Characteristics of flowing snow and avalanche impact pressures

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Journal titleAnnals of Glaciology
Pages914; # of pages: 6
Subjectavalanches; speed; impact loads; rogers pass, british columbia, canada; dry and wet avalanches; particle impact frequency; flow density; peak pressures; average pressures
AbstractExperimental data on avalanche impact pressures and speeds from an avalanche path at Rogers Pass, B.C., are presented for both dry and wet avalanches. Data heights through the vertical cross-section of the avalanches show that the frequency of particle impact and hence flow density increases rapidly from top to bottom of the flow. Data from a large circular impact plate (196 000 mm2) just above the ground surface show that dry avalanches have relatively higher peak pressures and relatively lower average pressures than wet avalanches for a given speed. Longitudinal wave- like characteristics in the flow may be seen for both wet and dry avalanches, but they appear to be the exception rather than the rule. Comparison of pressure results with those of other studies shows good agreement for peak pressures, but average pressures are generally less than those of previous studies. This discrepancy is attributed to the past use of cells for which loading surface size approached typical particle size. The size effect may be demonstrated by comparison of small cell data with results from the large impact plate at Rogers Pass.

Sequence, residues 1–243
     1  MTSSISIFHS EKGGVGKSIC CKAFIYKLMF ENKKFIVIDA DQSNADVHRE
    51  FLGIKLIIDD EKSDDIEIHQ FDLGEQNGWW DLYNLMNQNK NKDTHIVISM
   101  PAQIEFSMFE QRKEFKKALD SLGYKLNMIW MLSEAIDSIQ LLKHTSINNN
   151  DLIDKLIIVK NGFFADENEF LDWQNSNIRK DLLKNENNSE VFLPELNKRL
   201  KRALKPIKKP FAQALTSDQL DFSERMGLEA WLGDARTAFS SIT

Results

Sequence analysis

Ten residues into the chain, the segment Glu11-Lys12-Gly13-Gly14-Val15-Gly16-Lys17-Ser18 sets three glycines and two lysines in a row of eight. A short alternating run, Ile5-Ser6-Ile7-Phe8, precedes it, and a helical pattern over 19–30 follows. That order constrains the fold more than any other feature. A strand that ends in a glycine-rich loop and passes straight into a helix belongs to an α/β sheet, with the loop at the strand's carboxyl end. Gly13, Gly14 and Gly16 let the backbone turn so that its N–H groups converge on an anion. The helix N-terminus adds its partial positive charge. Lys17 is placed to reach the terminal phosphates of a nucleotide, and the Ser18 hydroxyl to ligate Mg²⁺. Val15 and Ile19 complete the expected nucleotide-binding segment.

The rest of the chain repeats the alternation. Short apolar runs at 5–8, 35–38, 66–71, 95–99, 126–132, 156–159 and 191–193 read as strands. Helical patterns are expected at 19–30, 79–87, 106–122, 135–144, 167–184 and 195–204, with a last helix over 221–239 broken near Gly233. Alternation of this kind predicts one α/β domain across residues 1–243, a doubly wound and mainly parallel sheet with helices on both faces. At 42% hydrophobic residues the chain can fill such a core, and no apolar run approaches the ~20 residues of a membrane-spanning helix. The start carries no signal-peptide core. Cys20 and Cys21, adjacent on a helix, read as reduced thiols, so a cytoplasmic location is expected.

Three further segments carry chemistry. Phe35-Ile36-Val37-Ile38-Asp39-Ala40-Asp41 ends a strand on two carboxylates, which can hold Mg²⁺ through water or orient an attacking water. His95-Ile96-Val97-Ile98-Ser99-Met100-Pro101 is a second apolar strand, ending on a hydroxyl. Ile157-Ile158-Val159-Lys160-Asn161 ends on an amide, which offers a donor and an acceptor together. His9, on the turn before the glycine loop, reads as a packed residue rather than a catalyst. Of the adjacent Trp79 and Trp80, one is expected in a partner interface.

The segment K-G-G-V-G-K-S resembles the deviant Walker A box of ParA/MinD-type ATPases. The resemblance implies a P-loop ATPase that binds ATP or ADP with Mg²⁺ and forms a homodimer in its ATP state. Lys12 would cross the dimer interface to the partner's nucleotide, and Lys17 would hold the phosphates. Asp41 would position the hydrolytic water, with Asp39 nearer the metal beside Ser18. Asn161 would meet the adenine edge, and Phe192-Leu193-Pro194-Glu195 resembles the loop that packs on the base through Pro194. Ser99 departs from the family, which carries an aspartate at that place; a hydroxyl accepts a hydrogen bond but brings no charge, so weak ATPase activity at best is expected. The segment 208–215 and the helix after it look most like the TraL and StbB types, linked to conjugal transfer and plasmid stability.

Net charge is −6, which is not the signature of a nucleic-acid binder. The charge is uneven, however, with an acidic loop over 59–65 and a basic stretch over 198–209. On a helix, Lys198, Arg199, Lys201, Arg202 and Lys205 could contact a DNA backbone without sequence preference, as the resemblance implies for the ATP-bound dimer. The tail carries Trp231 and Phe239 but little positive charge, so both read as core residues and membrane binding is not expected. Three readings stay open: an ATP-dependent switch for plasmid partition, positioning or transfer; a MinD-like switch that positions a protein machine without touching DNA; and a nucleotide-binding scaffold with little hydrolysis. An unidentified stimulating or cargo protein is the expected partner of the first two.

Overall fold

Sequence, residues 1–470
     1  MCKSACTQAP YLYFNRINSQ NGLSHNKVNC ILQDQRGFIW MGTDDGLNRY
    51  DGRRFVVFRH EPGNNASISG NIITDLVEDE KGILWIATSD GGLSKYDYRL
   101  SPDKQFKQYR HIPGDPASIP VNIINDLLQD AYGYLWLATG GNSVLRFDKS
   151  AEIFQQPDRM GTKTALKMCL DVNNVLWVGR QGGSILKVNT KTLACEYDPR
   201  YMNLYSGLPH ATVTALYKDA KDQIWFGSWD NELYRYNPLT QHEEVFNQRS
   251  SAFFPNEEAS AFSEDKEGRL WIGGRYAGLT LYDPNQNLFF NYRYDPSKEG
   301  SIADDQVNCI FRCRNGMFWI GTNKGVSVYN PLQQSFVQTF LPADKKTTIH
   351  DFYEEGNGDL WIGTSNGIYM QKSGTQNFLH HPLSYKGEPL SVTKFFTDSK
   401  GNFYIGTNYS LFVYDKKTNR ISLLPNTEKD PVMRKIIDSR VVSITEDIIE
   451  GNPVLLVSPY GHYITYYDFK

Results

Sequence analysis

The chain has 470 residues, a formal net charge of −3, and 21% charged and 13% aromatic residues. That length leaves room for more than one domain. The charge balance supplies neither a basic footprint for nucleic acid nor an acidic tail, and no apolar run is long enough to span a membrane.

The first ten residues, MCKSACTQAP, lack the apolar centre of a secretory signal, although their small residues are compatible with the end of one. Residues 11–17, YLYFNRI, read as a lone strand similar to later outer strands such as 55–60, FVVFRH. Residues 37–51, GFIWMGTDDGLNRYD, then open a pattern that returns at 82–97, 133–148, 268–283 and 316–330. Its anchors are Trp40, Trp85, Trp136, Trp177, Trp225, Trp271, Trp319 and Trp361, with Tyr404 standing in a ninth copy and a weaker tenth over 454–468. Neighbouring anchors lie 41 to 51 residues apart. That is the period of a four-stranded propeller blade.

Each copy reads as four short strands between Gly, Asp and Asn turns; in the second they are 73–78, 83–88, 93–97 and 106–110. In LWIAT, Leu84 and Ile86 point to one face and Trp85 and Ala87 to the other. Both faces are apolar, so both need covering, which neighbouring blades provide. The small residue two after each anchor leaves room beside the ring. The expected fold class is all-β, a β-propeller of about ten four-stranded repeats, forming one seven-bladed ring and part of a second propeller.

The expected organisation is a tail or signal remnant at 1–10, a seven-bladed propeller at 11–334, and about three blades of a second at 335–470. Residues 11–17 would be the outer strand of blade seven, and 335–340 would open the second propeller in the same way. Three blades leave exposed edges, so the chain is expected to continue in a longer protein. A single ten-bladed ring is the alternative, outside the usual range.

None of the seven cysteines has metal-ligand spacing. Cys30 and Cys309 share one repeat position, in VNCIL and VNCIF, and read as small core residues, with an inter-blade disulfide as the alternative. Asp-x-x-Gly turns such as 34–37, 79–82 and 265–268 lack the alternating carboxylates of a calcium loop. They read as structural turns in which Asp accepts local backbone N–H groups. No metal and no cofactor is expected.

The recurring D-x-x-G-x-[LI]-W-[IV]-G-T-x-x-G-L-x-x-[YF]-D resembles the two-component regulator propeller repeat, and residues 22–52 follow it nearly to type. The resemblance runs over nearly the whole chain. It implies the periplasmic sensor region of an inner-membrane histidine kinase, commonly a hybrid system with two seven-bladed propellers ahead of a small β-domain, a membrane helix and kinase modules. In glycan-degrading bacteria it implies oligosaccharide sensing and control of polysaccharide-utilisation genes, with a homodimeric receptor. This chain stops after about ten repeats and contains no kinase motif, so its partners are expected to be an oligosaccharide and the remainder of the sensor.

Publication date
AffiliationNRC Institute for Research in Construction; National Research Council Canada
Peer reviewedYes
NRC number25354
NPARC number20375370
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Record identifier1ae5cca7-3de7-46a0-8c2a-cf4fd5839d4f
Record created2012-07-23
Record modified2016-05-09
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